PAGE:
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Before you go stepping foot on any frozen body of water this winter, there are a few things to keep in mind to ensure a safe and enjoyable hardwater experience.
By Kierran Broatch
Tags: freshwater
Whether you venture onto the hardwater by day or night, there is safety in numbers.

With Old Man Winter tightening his grip across the Northeast, legions of ice fishing fanatics are preparing to walk on water again. But before you go stepping foot on any frozen body of water this winter, there are a few things to keep in mind to ensure a safe and enjoyable hardwater experience, especially early on when ice is measured in inches, not feet.

First and foremost, there is really no such thing as 100% “safe” ice. Ice is naturally unpredictable and its thickness can vary greatly, whether from one lake to the next, or even just yards away on the same body of water. Several factors like temperature, wind, precipitation, size of the water body, water depth, currents, and underground springs all play a role in how ice forms on the places we fish.

Ice not only varies in thickness, it can differ in quality as well, which is usually determined by its color and transparency. The strongest type of ice is newly formed clear ice, often referred to as “black” ice. Its see-through characteristics can be a bit of a bug-out for newcomers to the sport, but it’s a great deal stronger than any opaque, white or grey ice (of similar thickness) that you’ll find later in the season as precipitation, melting and refreezing come into play. Most often you’ll find a mix with black ice on bottom and layers of greyer ice on top, so testing it with a tool (discussed below) becomes paramount.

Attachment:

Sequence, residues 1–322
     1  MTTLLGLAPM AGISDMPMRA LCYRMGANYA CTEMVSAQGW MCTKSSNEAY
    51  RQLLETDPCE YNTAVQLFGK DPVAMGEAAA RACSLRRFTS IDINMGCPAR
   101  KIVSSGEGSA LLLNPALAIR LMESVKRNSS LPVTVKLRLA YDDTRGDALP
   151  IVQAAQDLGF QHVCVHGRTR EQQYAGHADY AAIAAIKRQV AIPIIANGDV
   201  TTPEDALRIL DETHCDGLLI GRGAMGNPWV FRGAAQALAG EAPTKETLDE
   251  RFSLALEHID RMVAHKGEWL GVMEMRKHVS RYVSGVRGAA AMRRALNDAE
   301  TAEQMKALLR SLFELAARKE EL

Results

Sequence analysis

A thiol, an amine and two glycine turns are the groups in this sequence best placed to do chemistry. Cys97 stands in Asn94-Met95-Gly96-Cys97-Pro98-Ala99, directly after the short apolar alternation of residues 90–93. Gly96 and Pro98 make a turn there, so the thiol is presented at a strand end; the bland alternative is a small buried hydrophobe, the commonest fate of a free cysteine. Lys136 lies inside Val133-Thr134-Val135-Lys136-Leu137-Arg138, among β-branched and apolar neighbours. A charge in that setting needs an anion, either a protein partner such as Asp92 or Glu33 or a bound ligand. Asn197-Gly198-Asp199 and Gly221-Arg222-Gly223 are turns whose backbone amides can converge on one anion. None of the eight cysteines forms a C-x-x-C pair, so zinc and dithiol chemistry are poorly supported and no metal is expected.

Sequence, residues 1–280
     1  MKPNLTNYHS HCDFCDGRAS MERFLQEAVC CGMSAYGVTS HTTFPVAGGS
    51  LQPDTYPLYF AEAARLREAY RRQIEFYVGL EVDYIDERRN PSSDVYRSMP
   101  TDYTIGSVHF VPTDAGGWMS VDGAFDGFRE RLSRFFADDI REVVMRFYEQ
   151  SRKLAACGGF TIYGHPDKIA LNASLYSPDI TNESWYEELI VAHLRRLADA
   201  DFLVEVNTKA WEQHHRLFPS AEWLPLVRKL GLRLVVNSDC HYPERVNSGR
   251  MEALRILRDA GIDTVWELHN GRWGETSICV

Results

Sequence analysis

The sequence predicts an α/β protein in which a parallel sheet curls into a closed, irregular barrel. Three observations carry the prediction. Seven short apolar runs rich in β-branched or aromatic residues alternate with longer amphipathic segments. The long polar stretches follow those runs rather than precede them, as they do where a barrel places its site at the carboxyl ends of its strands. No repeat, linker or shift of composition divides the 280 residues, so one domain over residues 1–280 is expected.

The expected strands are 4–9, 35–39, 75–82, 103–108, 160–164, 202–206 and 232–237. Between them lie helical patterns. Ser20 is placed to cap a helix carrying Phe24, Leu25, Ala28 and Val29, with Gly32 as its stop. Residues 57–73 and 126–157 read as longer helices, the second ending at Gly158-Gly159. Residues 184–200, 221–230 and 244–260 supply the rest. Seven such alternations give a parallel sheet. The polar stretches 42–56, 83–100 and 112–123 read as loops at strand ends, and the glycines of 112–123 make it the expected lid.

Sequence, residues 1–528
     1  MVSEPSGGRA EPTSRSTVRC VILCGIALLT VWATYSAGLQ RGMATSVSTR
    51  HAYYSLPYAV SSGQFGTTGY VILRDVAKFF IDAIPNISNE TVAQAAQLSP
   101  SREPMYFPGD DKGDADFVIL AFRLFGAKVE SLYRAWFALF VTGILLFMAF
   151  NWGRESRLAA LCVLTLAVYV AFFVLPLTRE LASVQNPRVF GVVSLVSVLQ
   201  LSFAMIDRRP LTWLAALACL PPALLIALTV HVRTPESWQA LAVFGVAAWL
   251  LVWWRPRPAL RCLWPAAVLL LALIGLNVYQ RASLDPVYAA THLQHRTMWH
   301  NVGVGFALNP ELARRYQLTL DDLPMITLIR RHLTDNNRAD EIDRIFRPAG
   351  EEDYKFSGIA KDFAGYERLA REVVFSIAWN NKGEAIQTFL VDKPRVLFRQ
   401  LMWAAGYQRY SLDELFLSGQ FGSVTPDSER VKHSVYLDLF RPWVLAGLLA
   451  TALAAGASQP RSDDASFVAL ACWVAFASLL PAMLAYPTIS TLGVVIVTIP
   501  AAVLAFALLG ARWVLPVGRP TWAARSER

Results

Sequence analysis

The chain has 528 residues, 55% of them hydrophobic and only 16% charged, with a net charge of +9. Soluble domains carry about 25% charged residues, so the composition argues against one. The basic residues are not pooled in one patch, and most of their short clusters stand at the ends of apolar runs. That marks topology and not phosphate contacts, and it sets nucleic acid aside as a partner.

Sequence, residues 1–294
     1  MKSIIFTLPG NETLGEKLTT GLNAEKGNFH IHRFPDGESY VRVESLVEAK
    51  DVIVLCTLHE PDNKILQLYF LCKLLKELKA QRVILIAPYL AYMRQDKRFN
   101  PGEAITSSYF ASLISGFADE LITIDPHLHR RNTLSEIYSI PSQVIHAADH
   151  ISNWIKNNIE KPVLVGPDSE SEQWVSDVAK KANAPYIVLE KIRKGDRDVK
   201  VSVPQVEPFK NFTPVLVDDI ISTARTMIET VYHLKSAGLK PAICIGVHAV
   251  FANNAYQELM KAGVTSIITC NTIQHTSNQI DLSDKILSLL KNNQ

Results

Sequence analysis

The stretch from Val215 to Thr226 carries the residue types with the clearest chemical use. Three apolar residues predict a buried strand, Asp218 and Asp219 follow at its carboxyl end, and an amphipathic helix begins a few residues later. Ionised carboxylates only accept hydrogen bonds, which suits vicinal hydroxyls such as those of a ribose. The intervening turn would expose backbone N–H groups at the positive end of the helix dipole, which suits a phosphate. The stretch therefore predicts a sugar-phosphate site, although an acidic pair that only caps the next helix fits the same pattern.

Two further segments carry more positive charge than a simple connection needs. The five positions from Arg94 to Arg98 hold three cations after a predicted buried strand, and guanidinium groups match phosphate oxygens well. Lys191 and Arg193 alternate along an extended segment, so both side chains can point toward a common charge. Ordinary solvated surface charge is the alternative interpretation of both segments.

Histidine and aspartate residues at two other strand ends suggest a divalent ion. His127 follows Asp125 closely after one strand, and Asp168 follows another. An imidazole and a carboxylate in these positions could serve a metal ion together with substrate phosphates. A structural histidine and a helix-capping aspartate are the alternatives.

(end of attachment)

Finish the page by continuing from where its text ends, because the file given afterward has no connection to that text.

Image courtesy of the Minnesota Department of Natural Resources.

Every hardwater angler has a minimum amount of ice that they feel comfortable fishing on. For some, when a lake or pond locks up with 3 inches of black ice it’s go time, while others may not be at ease unless they’re standing over a half a foot of hard stuff. For less subjective parameters, the experts in Minnesota’s Department of Natural Resources put together some ice thickness guidelines for us to go by. They strongly recommend staying off any ice that is 2 inches thick or less, no matter what the quality is. Their guidelines state that 4 inches of black ice is A-OK for ice fishermen on foot and 5 inches is enough for a snowmobile or ATV. These circumstances change when the ice is of poorer quality, and knowing the difference will come with experience.

How do you know if the ice is “safe” when you live far from the desired fishing destination? Simple; you won’t know unless you go. Online reports or calling local bait shops to see if anyone has been out on the ice is helpful, but they’re not sure proof. Ice thickness and quality are things that you shouldn’t rely on secondhand information to base your decisions upon. Scouting and testing the ice yourself is the only true way to know if it’s fishable, even if it’s a big hassle for weekend warriors like me.

Gauging ice thickness and quality can be done in a variety of ways, but the easiest and safest way to do so is with a tool known as a spud bar, which every ice angler should own. Essentially a metal rod with a chisel on the business end, a spud bar allows anglers to whack or “spud” their way out on to a frozen body of water to determine ice strength. If a good spud bar punches through the ice in less than a few hard whacks, then you shouldn’t go a step further. If the ice holds up to the spud bar trial, you can drill a test hole with an auger to get a more accurate reading of thickness and quality. Early and late in the season, I will spud and drill test holes all the way out to my fishing spots because, as mentioned above, ice thickness and quality can vary due to many factors.

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